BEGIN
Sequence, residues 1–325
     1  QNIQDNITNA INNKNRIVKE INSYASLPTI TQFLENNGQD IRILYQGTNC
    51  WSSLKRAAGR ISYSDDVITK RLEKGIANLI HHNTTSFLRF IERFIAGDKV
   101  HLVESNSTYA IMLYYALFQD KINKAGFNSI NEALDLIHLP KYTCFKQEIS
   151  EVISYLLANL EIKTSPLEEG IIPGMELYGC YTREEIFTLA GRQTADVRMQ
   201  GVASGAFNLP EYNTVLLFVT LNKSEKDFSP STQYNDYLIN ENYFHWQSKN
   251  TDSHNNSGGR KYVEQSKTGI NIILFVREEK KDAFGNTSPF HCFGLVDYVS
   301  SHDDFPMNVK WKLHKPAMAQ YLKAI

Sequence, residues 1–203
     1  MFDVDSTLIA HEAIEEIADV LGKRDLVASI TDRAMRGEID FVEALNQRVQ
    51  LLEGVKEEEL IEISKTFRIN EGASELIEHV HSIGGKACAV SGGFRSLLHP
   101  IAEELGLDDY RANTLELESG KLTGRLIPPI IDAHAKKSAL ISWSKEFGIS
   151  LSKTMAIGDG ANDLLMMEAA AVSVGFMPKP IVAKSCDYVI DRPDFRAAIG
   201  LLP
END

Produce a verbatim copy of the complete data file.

Sequence, residues 1–325
     1  QNIQDNITNA INNKNRIVKE INSYASLPTI TQFLENNGQD IRILYQGTNC
    51  WSSLKRAAGR ISYSDDVITK RLEKGIANLI HHNTTSFLRF IERFIAGDKV
   101  HLVESNSTYA IMLYYALFQD KINKAGFNSI NEALDLIHLP KYTCFKQEIS
   151  EVISYLLANL EIKTSPLEEG IIPGMELYGC YTREEIFTLA GRQTADVRMQ
   201  GVASGAFNLP EYNTVLLFVT LNKSEKDFSP STQYNDYLIN ENYFHWQSKN
   251  TDSHNNSGGR KYVEQSKTGI NIILFVREEK KDAFGNTSPF HCFGLVDYVS
   301  SHDDFPMNVK WKLHKPAMAQ YLKAI

Sequence, residues 1–203
     1  MFDVDSTLIA HEAIEEIADV LGKRDLVASI TDRAMRGEID FVEALNQRVQ
    51  LLEGVKEEEL IEISKTFRIN EGASELIEHV HSIGGKACAV SGGFRSLLHP
   101  IAEELGLDDY RANTLELESG KLTGRLIPPI IDAHAKKSAL ISWSKEFGIS
   151  LSKTMAIGDG ANDLLMMEAA AVSVGFMPKP IVAKSCDYVI DRPDFRAAIG
   201  LLP